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Hi all

My wife has a court summons for a speeding offence (48mph in a 40 zone, taken by a mobile camera). Originally we confirmed she was the driver and were awaiting the letter that says either take the points and fine or goto the training thing for a day and pay the fee but no points, we never recieved this letter and today have got a letter from the local magistrates for a summons sad.gif. We think that is unfair but I doubt theres anything we can do about it, but on the summons theres a certificate about section 20 road traffic offenders act 1988 with the name of the witness, but at the bottom of the form it has my wifes first name but incorrect surname, is this all still valid? (my wife has never had the surname shown, our surname is double barreled and the name on the certificate only shows the last part of it, and thats my old surname).

Any suggestions would be appreciated!

The mistake with the spelling of the name isn't relevant.

What exactly is the summons for? I expect it is more than just speeding.
Just speeding.
I wouldn’t have expected a summons for 48 in a 40

Is there any reason why you think they want this to go to court?

Is your wife the sole driver of the car?

Did she see the photos?

the only thing I can think of is that they have sent a letter with regards to the speed awareness course (pay for the course or take points and fine), and they think we have ignored it.
Plead guilty and ask for the points and fine that she would have had if she had received a COFP as normal.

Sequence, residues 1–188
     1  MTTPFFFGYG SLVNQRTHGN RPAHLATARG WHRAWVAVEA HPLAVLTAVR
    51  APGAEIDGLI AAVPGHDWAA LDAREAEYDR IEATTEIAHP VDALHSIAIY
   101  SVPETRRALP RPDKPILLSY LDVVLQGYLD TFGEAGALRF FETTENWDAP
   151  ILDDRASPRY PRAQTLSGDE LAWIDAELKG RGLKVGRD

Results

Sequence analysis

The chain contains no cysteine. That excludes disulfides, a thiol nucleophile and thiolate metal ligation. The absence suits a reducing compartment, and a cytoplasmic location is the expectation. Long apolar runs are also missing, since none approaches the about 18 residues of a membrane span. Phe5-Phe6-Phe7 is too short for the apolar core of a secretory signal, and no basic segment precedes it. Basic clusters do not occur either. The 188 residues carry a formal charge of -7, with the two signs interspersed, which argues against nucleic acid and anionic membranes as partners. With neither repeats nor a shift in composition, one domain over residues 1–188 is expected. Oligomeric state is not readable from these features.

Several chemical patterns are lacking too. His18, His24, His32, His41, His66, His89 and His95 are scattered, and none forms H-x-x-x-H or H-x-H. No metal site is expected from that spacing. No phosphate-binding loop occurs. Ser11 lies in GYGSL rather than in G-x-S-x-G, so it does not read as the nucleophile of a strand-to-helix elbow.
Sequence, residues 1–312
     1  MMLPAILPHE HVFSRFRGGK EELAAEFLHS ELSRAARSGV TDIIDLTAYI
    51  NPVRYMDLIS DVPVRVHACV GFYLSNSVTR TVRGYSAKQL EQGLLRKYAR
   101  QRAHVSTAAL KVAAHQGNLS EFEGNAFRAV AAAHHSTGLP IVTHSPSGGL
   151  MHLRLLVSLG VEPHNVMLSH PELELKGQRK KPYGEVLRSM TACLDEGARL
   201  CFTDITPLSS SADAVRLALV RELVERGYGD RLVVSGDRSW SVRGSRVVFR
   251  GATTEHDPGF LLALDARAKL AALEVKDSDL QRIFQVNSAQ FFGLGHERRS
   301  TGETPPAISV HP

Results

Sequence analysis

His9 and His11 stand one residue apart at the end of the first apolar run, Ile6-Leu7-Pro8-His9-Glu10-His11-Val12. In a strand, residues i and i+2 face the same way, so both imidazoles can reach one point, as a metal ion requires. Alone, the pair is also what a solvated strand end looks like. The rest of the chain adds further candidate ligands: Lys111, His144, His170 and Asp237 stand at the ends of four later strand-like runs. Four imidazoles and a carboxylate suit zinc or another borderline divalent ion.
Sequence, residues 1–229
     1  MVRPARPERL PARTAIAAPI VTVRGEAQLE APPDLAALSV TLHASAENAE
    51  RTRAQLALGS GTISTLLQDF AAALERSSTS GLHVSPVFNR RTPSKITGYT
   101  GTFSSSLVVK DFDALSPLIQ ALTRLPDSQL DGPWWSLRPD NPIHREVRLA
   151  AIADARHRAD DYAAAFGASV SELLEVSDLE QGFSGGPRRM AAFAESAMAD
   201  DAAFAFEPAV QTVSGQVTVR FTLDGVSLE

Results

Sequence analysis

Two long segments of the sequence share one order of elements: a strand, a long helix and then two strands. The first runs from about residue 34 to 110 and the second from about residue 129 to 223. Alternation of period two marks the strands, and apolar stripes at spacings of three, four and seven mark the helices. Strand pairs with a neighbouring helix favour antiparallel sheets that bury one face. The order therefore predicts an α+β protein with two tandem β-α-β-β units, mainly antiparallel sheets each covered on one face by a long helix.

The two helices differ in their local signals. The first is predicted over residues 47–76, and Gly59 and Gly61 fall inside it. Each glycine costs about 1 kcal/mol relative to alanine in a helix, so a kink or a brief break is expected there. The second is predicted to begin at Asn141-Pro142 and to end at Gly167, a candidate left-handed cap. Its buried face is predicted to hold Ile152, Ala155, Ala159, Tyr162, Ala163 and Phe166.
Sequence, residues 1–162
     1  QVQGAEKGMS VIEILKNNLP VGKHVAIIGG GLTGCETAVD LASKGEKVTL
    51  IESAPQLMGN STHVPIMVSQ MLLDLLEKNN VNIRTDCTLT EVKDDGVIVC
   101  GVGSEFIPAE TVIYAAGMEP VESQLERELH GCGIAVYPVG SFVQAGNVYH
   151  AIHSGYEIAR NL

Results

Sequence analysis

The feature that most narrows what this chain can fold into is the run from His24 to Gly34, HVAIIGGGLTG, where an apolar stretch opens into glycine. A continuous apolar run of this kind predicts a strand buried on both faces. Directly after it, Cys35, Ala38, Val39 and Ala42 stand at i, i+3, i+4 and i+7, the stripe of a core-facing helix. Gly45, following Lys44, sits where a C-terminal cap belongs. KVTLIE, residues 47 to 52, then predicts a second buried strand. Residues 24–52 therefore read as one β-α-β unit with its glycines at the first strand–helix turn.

She did actually want to go one the course, is this still an option?
A section 20 statement/certificate should only state that the vehicle was doing the alleged speed. I'm pretty sure that there isn't a type approved speed camera that is clever enough to recognise the driver.

If you think that the evidence may be defective, vaguely describing part of it isn't much help in determining whether you have a viable defence.
What she could try is phoning the police to ask if they did offer her an SAC, and if so explain she never received the letter, and ask if they would still be willing to offer the course. If they are, then go to court and ask the prosecutor to adjourn the case for a period with a view to discontinuing if she completes the course. I would have doubted whether the police or CPS would agree to this, but I saw a prosecutor initiate this a few weeks ago. They would clearly not be willing to do this if the matter is close to being timed out.

Failing this, attending court and asking for the equivalent of a fixed penalty as that would normally be offered seems the best bet.
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